“Hormones” may be a bird owner’s least favorite word. It is hormones that bring on the breeding behaviors that cause peculiar routines, odd interests and sometimes intimidating aggression. The likelihood of being bitten increases dramatically and sometimes we react to their behavior in ways that results in problems that last long after the season has passed and the hormones are gone.
The funny thing about the reproductive hormones is that they are self-perpetuating. Certain triggers, such as climate change, will cause the body to send out these hormones when it is determined that the conditions are appropriate for raising young. And as long as the conditions remain suitable, the hormones will keep flowing. It is a cycle that maintains itself until something happens to break it, such as the arrival of a season that brings unhospitable conditions.
For captive birds, some of the conditions in the home appear to be right for breeding year round – ample food and moderate temperature to name a couple of examples. I think one of the biggest factors in perpetuating that cycle of hormone production is our birds’ urge to nest and that presents a huge challenge to us as owners.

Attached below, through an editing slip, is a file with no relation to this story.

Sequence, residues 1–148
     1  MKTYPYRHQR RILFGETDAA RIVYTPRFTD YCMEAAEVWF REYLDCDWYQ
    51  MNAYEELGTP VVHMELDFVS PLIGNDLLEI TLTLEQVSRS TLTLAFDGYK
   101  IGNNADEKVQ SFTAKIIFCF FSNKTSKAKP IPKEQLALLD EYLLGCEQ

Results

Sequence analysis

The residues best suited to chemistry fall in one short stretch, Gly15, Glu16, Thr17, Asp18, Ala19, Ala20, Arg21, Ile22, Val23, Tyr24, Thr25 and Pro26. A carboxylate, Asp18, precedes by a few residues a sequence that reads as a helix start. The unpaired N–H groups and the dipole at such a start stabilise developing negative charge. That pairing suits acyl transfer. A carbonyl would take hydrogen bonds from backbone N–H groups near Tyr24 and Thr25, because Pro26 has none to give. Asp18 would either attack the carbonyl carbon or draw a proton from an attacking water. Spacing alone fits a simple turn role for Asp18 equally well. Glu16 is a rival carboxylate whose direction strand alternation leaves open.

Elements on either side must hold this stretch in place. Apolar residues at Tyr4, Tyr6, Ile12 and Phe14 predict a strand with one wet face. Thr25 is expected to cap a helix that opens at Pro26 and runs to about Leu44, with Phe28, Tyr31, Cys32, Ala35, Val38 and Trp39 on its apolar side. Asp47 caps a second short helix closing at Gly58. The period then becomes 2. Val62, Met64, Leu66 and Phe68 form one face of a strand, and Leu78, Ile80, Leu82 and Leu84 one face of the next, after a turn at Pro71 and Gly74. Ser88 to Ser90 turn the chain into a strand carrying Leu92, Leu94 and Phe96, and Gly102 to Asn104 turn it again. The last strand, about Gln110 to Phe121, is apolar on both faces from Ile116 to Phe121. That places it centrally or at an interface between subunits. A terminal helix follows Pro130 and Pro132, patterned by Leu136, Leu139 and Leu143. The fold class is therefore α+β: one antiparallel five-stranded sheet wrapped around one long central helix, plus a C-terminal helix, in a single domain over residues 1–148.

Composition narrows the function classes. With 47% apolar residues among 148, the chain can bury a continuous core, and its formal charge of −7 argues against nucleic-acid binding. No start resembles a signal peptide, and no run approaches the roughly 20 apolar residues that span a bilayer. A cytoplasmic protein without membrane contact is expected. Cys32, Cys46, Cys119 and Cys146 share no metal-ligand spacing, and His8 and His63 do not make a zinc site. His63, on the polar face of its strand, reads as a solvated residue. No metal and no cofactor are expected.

Almost all parrots are tree cavity dwellers. They are also very adaptable which is why they have been around for so many millions of years. This means that to your creatively thinking bird, nearly anywhere can make do when they are in search of a place to make a nest. It can be any area that offers a small measure of privacy. If it’s dark, all the better.
If your bird hangs out in the closet or has a favorite kitchen cabinet, it is nesting. Under the couch, behind the drapes, in a less traveled corner of a room – also nesting. Behind a favorite toy in the cage, under the couch pillows, in a shoe box placed just about anywhere – nesting.
As you walk through your house, take note of all the places your bird might perceive as a potential nest spot. He or she may not choose to actually nest in all of those places, but as long as the environment provides the means for nesting, it is a trigger that keeps the body supplying the hormones.
Another part of the nesting urge is the provision of nest lining. In the wild, that means wood chewed down to the right texture for bedding in the tree cavity, or leaves and strips of bark. In captivity, that would equate to bits of wood or the shreddable materials from natural toys, as well as fabric and paper if they have access to it.
Removing or blocking access to nesting spots and removing chewed off toy remnants right away is a great first step to keeping the spring hormones to a minimum. If there can be no nest, there can be no babies.
For further information on avoiding or reducing the hormones that overtake our birds and how to handle the birds while they are in the thick of it, click HERE.
Patty Jourgensen specializes in avian health, behavior and nutrition and has been working with and caring for rescue birds since 1987.